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High Mountain Park Preserve. Wayne, New Jersey.

You wouldn't think that in the Wayne/Paterson, New Jersey area there would be enough acreage for a wilderness preserve. Well, there is. It's called the High Mountain Park Preserve (HMPP), and it lies just north of William Paterson University. I believe some time in the past there was a fight to save the area from development, and the result was the HMPP. If you happen to be driving on I-80 West, just when you're at the Paterson exists, look to your right (North) and you will see a series of peaks. The highest peak is High Mountain and to the left is Mount Cecchino. Not so obvious is Beech Mountain which lies to the northwest of High Mountain. You'll need to stretch your neck for that one, and probably cause an accident on the interstate. All three peaks comprise the Preakness Range.

Two weeks ago, my wife and I decided to climb the 875-foot High Mountain. It's a popular climb among hikers, not too hard but not too easy either. We started on the Red Trail which is accessible on College Road. There is a small parking lot at the trail head. If the lot is full, one can use Parking Lot 6 of the university.

To reach the top, one has to begin at the Red Trail, turn right on the Yellow Trail, follow it to the top. On the return, continue on the Yellow Trail as it takes you down the other side of High Mountain where it joins the Red Trail again. Turn left (South) on the Red Trail and take it all the way back to the parking lot. This is the popular loop and it is tougher than it sounds. It took us 3.5 hours to complete the hike. You can see the layout of the trails on this Trail Map

One thing that is seldom mentioned in hikers' online comments is the rocky nature of the trail. More here than on other trails, a hiker has to pay attention as to where he plants his foot lest he twists his ankle too much and too soon. This rocky aspect of the trail slowed us down significantly.

Much to my disappointment, we didn't see a single deer, black bear, or snake. Late March means cold temps, and so the snakes must still be in their holes. As for the deer and black bears, they've probably been killed off, at some other area, through those bogus animal population control programs instituted by county officials or the NJ Fish and Wildlife Department. What we get is a preserve without large, wild, but harmless animals. Shame.

Once on the summit, on a clear day, facing East, you can see as far as Manhattan's skyline. I could pick out familiar landmarks just a few miles away like the Nabisco Building on Route 208, the blue watertower in Fairlawn. No wonder the summit was used as a lookout point during the revolution. The video above shows quite a bit of the trail. Obviously, the video was shot during the Fall while we hiked the trail still under Winter conditions. Hiking in Winter conditions means better visibility on the trail; I could see two blazes away. There were no leaves to obscure our line of sight.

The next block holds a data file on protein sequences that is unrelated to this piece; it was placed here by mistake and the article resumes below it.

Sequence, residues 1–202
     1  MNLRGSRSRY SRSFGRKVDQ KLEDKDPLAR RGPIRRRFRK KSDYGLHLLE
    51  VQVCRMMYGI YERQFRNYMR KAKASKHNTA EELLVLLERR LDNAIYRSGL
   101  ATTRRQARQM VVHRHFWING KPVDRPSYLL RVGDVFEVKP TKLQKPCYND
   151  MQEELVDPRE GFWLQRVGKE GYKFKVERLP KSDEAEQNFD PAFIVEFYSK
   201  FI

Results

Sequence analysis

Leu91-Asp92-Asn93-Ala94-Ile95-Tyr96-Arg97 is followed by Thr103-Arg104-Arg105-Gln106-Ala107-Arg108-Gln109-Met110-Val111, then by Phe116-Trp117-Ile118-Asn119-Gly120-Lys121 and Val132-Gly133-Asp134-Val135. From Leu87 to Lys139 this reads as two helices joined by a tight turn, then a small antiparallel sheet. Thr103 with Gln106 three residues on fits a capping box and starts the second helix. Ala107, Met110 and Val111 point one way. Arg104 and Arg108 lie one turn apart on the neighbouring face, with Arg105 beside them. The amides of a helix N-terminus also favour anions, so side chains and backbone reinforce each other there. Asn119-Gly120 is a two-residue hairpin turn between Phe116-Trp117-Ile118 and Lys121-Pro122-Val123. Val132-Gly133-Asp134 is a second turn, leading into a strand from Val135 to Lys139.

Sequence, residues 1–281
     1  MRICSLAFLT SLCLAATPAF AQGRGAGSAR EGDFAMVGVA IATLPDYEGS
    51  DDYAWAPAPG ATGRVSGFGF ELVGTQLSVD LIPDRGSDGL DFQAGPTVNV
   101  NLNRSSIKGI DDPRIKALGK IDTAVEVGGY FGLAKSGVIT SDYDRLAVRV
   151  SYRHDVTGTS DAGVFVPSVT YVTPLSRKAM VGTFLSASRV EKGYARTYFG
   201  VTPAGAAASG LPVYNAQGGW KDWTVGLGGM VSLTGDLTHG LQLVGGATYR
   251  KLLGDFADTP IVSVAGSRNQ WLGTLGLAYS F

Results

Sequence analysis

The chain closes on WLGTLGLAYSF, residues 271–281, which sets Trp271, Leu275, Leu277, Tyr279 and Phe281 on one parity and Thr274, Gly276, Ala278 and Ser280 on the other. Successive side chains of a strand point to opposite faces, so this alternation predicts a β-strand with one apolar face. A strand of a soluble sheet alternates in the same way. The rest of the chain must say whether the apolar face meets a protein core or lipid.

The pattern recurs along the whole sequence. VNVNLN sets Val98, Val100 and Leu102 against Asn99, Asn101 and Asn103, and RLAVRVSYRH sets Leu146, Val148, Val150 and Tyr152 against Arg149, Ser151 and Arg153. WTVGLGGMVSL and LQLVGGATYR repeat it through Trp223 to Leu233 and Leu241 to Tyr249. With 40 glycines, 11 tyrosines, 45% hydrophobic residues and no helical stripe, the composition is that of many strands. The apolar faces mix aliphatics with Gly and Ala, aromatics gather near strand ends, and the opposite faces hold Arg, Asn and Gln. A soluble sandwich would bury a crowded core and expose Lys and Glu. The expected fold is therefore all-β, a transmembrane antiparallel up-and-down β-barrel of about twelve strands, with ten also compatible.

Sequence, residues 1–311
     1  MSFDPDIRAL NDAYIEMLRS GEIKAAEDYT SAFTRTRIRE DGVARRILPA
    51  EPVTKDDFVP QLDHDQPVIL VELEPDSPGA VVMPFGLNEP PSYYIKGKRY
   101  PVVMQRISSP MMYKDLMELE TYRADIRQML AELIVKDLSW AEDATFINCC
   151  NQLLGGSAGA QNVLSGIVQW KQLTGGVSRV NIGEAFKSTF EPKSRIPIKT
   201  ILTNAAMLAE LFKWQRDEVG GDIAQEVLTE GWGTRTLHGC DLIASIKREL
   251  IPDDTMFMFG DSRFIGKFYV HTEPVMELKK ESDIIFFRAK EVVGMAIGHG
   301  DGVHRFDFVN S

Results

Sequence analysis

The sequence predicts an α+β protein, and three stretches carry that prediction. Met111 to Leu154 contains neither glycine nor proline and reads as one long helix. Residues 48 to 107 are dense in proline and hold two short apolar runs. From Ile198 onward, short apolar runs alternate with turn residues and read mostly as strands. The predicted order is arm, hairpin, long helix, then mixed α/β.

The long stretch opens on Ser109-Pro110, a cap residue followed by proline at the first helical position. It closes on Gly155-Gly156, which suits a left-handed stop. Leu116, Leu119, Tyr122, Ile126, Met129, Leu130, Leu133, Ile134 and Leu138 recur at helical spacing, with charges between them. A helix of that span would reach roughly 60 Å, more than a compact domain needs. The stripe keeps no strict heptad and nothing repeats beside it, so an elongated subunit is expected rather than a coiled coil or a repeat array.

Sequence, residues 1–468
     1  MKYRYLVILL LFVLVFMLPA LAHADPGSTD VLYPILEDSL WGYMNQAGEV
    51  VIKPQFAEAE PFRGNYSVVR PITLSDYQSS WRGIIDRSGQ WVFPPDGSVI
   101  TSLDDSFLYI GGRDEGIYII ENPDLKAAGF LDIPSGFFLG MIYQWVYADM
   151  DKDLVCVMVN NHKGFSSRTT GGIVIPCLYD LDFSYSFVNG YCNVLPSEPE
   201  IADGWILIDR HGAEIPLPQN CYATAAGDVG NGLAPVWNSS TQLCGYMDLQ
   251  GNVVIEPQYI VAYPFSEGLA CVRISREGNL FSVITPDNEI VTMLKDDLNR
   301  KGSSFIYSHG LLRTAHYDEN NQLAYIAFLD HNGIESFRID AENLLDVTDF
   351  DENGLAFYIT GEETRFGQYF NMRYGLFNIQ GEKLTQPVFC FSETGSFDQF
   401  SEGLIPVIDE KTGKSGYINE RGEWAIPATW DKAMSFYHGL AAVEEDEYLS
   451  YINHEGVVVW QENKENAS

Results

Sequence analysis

The video below, I took it just below the summit, on the way down. It's self-explanatory.


Catherine said…
Ted, thank you for sharing these videos.

I cannot help recall Emerson's words:

"In the woods, we return to reason and faith. There I feel that nothing can befall me in life, — no disgrace, no calamity, (leaving me my eyes,) which nature cannot repair."

I think the woods make as fine a final resting place as I can think of.
Chessbuff said…
Hiya Catherine,

Emerson and Thoreau, their heads were screwed on the right way. We are among friends when we are in the woods. Nature does not seek to humiliate us, only to share her beauty and grandeur.
Ed Zachary said…
Not sure why you are ragging on the NJ Division of Fish & Wildlife. They do a great job managing our state's wildlife. I regularly hike in High Mountain Park Preserve and I almost always see white-tailed deer. I counted 12 on my hike today. I very rarely see deer on the loop that you describe on your hike--that's probably why you saw none. Although, I have seen a red fox on the red trail near the eastern terminus of the yellow trail.

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